The case for a different approach to education and how technology plays its part
Every year, thousands of young people sit SATs, GCSE, and A-Level exams which, to them, offer the most significant indication of their education and career options in their lives. It’s a level of stress that is becoming harder to deal with, and yet many believe it is still not being taken seriously enough.
However, there is an equally important question to consider. Do students ultimately leave school prepared for the working world? Is the stress that is placed on these pupils the most effective way of educating them?
This viral video, from back in November 2022, perfectly lays bare the struggles and pressure that young people are put under throughout their school years, but also ultimately how ill-prepared for the real world they are when they leave secondary school, due to an outdated school system that is geared towards remembering, rather than educating.
This was a speech that a teenager, Izzy, was able to give at parliament as a youth MP in Wigan. While it’s great she was able to find a platform to state her case for educational reform, student representation in this debate is generally lacking.
Reforming the education system is a big job, but necessary as the world changes around it. So what has to happen in order for change to happen, and what does change look like?
What’s the evidence for change?
Tony Blair is one of the most prominent supporters of a radical change in the way students are assessed at school. Education was always one of his top priorities when he was Prime Minister between 2005 and 2007 and has since used his Institute for Global Change to study ways to futureproof education in Britain.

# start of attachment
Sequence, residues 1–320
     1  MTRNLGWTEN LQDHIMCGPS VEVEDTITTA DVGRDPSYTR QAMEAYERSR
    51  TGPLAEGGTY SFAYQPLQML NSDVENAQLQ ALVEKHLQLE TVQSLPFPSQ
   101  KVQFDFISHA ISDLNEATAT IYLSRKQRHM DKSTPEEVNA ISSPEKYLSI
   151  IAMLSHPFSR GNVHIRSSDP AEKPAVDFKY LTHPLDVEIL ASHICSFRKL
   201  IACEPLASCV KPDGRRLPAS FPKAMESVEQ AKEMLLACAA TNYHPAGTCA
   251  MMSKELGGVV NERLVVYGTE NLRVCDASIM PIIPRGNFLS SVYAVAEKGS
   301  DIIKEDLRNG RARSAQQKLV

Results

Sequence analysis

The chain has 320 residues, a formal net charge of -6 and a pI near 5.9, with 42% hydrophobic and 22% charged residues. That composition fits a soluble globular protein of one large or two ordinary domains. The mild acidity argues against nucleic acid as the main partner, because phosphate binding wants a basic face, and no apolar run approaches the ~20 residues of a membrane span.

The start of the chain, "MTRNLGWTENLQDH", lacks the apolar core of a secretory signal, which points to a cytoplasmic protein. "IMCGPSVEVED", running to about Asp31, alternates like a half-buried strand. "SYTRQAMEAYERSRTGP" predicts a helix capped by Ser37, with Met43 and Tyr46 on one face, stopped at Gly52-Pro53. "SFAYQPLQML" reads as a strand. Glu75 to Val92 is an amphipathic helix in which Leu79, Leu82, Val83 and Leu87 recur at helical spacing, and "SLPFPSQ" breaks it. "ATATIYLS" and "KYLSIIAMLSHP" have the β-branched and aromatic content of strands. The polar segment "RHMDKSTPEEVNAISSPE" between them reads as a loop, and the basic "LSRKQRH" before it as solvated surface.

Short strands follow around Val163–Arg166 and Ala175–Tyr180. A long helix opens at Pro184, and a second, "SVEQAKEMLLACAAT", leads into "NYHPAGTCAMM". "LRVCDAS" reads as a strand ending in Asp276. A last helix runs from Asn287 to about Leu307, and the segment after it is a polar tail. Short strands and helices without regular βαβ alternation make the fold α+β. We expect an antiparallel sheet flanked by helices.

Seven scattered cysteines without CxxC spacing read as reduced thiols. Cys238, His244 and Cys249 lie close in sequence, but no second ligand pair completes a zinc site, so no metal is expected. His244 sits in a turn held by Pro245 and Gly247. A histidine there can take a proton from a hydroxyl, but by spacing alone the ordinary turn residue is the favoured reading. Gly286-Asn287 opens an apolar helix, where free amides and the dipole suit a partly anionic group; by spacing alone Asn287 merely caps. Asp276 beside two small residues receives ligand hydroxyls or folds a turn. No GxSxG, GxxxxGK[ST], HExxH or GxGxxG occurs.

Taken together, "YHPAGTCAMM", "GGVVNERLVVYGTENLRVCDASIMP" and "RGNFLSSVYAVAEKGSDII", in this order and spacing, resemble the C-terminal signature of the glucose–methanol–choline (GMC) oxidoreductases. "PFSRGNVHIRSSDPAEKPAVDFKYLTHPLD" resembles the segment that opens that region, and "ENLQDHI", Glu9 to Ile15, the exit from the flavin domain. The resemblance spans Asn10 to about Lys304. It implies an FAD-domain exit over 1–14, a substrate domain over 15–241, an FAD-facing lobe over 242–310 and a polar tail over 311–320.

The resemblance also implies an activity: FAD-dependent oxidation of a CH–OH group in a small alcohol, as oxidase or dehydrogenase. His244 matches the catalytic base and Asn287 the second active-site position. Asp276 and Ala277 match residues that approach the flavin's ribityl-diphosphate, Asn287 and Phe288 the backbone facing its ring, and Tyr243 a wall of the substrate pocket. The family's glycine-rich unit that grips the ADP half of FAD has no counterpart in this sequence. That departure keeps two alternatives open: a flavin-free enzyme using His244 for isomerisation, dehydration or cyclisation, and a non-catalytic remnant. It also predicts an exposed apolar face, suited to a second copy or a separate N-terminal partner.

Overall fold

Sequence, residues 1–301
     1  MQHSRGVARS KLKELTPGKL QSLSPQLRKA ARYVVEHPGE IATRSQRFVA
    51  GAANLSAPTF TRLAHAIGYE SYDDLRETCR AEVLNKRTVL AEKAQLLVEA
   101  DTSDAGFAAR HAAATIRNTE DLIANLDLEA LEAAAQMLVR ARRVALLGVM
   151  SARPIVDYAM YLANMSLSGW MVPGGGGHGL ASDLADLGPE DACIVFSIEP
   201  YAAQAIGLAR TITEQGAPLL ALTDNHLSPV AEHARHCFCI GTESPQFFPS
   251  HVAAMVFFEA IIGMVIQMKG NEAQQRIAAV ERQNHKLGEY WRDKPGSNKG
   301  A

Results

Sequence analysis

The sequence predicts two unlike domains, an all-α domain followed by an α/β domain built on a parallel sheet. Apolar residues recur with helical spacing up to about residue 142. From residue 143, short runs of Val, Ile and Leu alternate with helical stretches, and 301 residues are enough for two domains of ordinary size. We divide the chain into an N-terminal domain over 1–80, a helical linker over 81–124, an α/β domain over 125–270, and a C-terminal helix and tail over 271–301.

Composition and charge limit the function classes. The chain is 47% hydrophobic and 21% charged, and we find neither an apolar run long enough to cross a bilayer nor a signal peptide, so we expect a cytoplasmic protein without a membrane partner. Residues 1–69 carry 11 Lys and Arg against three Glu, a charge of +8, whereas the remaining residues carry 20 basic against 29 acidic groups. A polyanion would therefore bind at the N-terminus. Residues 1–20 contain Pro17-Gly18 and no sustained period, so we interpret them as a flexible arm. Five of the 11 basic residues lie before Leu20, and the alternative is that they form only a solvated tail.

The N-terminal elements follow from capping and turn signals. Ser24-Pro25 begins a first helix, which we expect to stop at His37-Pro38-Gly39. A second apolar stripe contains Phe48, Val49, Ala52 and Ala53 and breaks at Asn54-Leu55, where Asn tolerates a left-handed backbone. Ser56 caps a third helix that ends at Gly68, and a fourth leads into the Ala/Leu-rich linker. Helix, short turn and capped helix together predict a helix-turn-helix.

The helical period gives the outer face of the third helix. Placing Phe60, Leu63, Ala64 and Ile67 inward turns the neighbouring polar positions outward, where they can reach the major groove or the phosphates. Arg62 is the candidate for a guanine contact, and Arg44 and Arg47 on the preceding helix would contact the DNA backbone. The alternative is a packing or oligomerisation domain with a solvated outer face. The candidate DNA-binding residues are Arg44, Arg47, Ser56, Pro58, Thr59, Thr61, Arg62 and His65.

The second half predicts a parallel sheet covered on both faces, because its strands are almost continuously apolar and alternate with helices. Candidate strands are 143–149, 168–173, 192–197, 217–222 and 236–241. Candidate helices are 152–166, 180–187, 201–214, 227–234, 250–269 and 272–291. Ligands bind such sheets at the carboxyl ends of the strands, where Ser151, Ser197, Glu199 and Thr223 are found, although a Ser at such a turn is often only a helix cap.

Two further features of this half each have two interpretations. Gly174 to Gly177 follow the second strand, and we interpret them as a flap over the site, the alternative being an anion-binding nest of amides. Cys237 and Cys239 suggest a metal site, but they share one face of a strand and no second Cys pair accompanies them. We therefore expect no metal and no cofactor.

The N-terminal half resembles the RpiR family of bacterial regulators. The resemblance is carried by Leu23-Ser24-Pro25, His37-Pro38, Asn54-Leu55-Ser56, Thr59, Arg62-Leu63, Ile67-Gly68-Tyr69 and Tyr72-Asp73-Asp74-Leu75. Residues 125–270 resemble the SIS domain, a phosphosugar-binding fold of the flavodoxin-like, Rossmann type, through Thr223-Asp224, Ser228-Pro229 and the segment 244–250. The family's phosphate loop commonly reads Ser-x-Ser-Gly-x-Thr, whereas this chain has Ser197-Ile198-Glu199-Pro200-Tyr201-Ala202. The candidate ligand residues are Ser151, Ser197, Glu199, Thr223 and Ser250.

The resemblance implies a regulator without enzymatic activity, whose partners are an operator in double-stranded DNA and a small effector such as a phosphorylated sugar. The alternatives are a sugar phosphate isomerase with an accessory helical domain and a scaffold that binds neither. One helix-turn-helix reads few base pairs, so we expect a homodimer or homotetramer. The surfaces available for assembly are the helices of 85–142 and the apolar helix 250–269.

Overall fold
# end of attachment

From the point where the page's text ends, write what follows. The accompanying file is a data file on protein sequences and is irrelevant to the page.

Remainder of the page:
Back in August 2022, they set out their recommendations, arguing that “current incentives restrict schools’ leeway to focus on other valuable subjects and skills, instead encouraging rote learning. This extends to academies, laying bare the tension between the government’s purported goal of greater school autonomy and its narrow view of school success. As a result, the formidable potential that exists in the academies model remains largely suppressed.”
Since Rishi Sunak became Prime Minister, he has also hinted that the need to better prepare students for the world of work is real, with his plan to make all pupils study Maths till the age of 18. While there are questions about how this would be workable, it does reflect an understanding that there needs to be more emphasis on skills and knowledge that will matter most to young people when they transition to adult life.
How important a role does technology play in the future?
Of course, educational reform isn’t just about what we learn. It’s as much about how it is taught, and any talk about it can’t go very far without considering the one thing that most of the UK workforce now relies on to get their job done – technology.
It is also the one thing that a lot of schools have been either unwilling or unable to utilize in meaningful ways thus far, which left them exposed when the COVID pandemic hit. Technology can solve two problems in one – It increases the breadth of resources available to students, and it allows a more tailored approach to an individual’s education, thus increasing their confidence when it comes to assessment.
E-spaces has one such tool that can help with the latter. It is the first in-lesson assessment tool to store data and help measure a pupil’s progress against their predicted grades. This gives teachers an easy-to-use, bias-free way to make informed decisions on how a student is progressing, which means that schools can better understand where a student is struggling and help find unique ways to help them to succeed. By using data in lessons we can understand so much more beyond academic progress, and this is E-spaces’ long-term vision.
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